2017: Progress in Molecular Biology and Translational Science
Dario Valdinocci, Rowan A W Radford, Sue Maye Siow, Roger S Chung, Dean L Pountney
Intracellular aggregates of the α-synuclein protein result in cell loss and dysfunction in Parkinson's disease and atypical Parkinsonism, such as multiple system atrophy and dementia with Lewy bodies. Each of these neurodegenerative conditions, known collectively as α-synucleinopathies, may be characterized by a different suite of molecular triggers that initiate pathogenesis. The mechanisms whereby α-synuclein aggregates mediate cytotoxicity also remain to be fully elucidated. However, recent studies have implicated the cell-to-cell spread of α-synuclein as the major mode of disease propagation between brain regions during disease progression...
February 22, 2017: International Journal of Molecular Sciences
Anuradha Kalani, Pankaj Chaturvedi, Claudio Maldonado, Philip Bauer, Irving G Joshua, Suresh C Tyagi, Neetu Tyagi
Although type-2 diabetes (T2D) has been reported to increase the risk of cognitive dysfunction and dementia, the underlying mechanisms remain unclear. Dementia-like pathology is attributed to the accumulation of cellular prion protein (PrPc ) which plays a role in cognitive dysfunction. However, its involvement and regulation in diabetic dementia-like pathology is not well understood. Using T2D db/db (leptin receptor knockout) mice subjected to object recognition and Y-maze behavioral tests, we determined that short-term memory was compromised and that the mice displayed abrupt spontaneous behaviour compared to db/m control mice...
April 2017: Molecular and Cellular Neurosciences
Tingting Xiao, Weiwei Zhang, Bin Jiao, Chu-Zheng Pan, Xixi Liu, Lu Shen
Exosomes are small vesicles secreted by most cell types including neurons that function in intercellular communication through transfer of their cargo or encapsulate and eliminate unnecessary cellular components and therefore have a broad impact on nerve development, activation and regeneration. In addition, exosomes have been observed to be involved in spreading pathological misfolded proteins, thereby leading to the onset and propagation of disease. Alzheimer disease (AD) is the most common form of dementia and characterized by two types of lesions: amyloid plaques and neurofibrillary tangles...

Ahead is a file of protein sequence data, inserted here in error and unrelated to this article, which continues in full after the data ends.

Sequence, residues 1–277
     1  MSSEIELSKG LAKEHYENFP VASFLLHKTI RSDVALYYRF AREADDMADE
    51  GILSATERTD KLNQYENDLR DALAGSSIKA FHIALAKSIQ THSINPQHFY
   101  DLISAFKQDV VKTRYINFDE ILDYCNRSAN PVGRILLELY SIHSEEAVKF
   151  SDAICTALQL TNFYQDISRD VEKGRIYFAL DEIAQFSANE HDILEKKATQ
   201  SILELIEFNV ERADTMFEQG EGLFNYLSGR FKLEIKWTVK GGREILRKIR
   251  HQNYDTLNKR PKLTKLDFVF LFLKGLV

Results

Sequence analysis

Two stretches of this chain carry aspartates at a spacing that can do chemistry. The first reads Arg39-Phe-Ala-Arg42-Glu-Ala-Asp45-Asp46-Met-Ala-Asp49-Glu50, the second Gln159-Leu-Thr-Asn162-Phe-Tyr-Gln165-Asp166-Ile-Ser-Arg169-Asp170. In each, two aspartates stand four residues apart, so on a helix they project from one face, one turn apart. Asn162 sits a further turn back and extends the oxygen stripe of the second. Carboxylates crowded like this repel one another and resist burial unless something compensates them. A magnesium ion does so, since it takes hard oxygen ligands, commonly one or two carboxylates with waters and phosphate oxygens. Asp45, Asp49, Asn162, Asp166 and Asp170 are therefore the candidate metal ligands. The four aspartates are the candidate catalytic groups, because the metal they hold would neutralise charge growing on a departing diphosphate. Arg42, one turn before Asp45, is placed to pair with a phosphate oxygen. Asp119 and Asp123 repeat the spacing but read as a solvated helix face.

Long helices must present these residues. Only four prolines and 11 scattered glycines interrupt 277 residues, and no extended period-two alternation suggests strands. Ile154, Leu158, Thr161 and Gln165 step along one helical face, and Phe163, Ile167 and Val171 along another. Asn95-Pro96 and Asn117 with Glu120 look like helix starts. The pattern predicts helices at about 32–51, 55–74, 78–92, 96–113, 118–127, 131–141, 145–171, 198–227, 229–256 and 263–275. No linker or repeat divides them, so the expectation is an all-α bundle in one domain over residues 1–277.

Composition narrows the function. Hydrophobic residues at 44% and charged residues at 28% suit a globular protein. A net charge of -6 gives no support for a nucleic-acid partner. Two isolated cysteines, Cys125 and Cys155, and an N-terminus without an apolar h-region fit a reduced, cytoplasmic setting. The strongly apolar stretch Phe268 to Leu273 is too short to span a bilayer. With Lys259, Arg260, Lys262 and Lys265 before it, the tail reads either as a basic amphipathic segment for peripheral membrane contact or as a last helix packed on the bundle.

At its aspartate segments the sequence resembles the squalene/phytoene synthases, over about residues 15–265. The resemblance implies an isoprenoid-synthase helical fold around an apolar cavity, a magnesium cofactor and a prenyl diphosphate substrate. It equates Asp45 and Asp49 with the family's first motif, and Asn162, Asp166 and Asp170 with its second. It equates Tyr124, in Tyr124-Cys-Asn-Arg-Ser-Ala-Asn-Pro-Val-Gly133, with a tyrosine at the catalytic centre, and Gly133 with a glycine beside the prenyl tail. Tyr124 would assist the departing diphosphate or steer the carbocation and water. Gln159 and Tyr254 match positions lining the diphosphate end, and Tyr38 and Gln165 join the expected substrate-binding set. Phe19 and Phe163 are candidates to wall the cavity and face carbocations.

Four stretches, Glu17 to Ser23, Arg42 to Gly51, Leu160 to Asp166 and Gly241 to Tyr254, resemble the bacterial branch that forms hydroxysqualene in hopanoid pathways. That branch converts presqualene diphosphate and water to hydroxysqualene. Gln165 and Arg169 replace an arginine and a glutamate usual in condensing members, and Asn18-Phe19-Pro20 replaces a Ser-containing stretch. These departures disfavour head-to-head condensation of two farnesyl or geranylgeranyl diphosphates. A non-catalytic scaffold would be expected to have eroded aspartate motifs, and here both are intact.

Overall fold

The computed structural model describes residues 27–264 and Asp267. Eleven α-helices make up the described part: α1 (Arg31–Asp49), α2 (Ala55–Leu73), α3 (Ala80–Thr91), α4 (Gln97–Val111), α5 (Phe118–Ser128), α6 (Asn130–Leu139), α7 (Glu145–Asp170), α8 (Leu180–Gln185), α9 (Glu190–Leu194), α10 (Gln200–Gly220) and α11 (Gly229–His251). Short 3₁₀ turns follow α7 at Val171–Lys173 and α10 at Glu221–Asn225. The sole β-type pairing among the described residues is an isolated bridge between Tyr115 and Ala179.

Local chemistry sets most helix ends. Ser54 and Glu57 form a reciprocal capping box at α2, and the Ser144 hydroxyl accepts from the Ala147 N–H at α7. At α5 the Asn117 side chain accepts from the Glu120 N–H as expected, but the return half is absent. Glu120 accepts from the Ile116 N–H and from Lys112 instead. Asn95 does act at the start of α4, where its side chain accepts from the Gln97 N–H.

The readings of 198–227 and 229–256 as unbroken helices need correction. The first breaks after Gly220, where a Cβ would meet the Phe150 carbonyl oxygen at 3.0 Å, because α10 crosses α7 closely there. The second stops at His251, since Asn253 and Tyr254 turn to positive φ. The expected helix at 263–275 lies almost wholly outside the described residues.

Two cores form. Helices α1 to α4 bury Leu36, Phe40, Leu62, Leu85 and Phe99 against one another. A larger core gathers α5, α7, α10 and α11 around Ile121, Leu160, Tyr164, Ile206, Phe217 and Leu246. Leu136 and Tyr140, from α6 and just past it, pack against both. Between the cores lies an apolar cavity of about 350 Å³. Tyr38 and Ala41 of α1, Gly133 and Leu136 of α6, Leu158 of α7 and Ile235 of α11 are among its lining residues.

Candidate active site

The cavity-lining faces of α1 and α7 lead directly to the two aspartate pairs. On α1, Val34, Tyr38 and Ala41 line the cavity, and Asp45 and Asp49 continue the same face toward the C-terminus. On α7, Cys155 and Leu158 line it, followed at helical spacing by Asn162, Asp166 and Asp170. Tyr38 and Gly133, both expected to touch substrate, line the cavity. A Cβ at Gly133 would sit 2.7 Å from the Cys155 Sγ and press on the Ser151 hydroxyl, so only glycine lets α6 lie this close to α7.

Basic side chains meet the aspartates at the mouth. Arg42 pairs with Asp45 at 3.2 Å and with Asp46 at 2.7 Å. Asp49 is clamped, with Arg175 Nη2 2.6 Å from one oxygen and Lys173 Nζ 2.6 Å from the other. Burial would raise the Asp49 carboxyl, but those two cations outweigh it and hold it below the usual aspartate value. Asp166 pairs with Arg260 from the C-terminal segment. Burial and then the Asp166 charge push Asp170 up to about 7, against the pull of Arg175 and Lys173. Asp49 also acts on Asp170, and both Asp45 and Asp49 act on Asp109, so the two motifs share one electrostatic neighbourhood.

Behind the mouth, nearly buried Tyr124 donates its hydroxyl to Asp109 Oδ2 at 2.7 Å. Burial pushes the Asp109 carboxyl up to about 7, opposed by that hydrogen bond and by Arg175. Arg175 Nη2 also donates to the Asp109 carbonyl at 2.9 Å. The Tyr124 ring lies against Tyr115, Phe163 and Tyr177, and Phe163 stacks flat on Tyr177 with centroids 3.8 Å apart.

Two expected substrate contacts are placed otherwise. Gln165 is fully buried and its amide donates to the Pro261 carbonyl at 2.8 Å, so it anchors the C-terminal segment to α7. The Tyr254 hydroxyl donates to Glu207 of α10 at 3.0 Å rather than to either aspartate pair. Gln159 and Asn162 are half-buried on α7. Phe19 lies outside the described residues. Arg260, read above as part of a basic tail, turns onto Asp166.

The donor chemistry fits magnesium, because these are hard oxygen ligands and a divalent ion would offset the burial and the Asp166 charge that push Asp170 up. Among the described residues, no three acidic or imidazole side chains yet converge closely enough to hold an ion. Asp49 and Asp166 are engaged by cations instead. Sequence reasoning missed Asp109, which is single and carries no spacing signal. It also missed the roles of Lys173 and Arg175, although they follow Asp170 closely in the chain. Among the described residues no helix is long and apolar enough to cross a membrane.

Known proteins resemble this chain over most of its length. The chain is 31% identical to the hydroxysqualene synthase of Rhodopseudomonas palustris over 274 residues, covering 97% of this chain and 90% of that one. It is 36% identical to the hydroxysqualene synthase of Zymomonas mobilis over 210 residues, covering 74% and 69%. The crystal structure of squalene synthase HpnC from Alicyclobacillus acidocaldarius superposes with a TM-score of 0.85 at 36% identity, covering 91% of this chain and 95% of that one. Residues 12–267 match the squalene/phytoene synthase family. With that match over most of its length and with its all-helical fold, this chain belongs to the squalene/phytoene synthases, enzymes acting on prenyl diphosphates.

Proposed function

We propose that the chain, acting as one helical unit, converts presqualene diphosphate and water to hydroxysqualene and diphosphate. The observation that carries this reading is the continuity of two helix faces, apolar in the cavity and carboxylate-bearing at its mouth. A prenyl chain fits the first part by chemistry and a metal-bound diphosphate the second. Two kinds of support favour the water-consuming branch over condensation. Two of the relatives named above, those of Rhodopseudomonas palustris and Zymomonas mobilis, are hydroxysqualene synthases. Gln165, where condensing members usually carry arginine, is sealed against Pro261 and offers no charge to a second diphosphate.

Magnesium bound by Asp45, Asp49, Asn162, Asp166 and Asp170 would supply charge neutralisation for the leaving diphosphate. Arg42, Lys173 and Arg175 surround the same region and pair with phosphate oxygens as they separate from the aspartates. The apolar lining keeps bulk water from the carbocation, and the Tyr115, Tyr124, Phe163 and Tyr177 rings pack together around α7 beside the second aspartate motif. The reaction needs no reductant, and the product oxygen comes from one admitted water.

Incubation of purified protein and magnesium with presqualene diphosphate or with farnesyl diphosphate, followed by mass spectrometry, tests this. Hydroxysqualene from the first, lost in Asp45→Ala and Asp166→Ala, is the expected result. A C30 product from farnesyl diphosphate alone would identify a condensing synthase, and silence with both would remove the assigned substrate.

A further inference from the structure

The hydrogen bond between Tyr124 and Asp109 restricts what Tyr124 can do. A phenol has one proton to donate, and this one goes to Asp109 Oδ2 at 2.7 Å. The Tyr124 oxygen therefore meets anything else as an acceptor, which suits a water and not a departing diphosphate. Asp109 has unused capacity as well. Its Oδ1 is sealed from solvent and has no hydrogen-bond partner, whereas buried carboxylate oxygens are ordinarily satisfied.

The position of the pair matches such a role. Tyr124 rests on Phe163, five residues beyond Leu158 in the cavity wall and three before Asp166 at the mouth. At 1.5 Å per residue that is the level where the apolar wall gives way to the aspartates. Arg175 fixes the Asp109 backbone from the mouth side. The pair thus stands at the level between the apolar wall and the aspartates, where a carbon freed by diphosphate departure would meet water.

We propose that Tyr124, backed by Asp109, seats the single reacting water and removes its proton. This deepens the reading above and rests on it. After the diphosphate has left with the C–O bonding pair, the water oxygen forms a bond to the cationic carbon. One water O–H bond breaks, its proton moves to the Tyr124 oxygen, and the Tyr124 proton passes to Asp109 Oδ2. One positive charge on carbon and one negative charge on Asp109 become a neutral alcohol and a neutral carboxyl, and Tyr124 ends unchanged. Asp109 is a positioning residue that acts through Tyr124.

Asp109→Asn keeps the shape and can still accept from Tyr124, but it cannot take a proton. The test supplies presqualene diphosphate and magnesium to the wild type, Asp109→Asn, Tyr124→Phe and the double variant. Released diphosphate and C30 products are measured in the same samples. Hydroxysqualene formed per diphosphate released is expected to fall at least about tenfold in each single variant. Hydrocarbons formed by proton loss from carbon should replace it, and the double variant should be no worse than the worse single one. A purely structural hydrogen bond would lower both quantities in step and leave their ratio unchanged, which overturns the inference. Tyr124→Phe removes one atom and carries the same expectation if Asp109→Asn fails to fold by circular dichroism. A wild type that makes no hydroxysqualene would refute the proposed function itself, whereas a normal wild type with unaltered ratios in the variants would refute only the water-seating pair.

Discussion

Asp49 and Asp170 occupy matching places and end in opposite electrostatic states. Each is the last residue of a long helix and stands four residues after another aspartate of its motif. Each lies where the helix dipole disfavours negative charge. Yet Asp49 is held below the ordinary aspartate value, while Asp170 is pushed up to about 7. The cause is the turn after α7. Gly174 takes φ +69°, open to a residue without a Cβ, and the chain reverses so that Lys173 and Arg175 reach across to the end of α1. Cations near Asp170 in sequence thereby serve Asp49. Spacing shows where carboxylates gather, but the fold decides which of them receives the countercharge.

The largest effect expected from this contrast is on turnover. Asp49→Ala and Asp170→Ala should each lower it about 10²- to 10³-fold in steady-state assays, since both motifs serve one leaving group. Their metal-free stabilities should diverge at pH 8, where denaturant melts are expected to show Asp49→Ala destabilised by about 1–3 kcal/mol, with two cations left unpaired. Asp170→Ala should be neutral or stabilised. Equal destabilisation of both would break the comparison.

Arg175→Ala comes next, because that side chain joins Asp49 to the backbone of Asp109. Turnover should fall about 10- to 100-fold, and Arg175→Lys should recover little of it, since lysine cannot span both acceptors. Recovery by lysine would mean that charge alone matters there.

2017: Translational Neurodegeneration
Eric D Hamlett, Edward J Goetzl, Aurélie Ledreux, Vitaly Vasilevko, Heather A Boger, Angela LaRosa, David Clark, Steven L Carroll, María Carmona-Iragui, Juan Fortea, Elliott J Mufson, Marwan Sabbagh, Abdul H Mohammed, Dean Hartley, Eric Doran, Ira T Lott, Ann-Charlotte Granholm
INTRODUCTION: Individuals with Down syndrome (DS) exhibit Alzheimer's disease (AD) neuropathology and dementia early in life. Blood biomarkers of AD neuropathology would be valuable, as non-AD intellectual disabilities of DS and AD dementia overlap clinically. We hypothesized that elevations of amyloid β (Aβ) peptides and phosphorylated-tau in neuronal exosomes may document preclinical AD. METHODS: AD neuropathogenic proteins Aβ1-42 , P-T181-tau, and P-S396-tau were quantified by enzyme-linked immunosorbent assays in extracts of neuronal exosomes purified from blood of individuals with DS and age-matched controls...
May 2017: Alzheimer's & Dementia: the Journal of the Alzheimer's Association
Thomas Westergard, Brigid K Jensen, Xinmei Wen, Jingli Cai, Elizabeth Kropf, Lorraine Iacovitti, Piera Pasinelli, Davide Trotti
Aberrant hexanucleotide repeat expansions in C9orf72 are the most common genetic change underlying amyotrophic lateral sclerosis (ALS) and frontotemporal dementia (FTD). RNA transcripts containing these expansions undergo repeat-associated non-ATG translation (RAN-T) to form five dipeptide repeat proteins (DPRs). DPRs are found as aggregates throughout the CNS of C9orf72-ALS/FTD patients, and some cause degeneration when expressed in vitro in neuronal cultures and in vivo in animal models. The spread of characteristic disease-related proteins drives the progression of pathology in many neurodegenerative diseases...
October 11, 2016: Cell Reports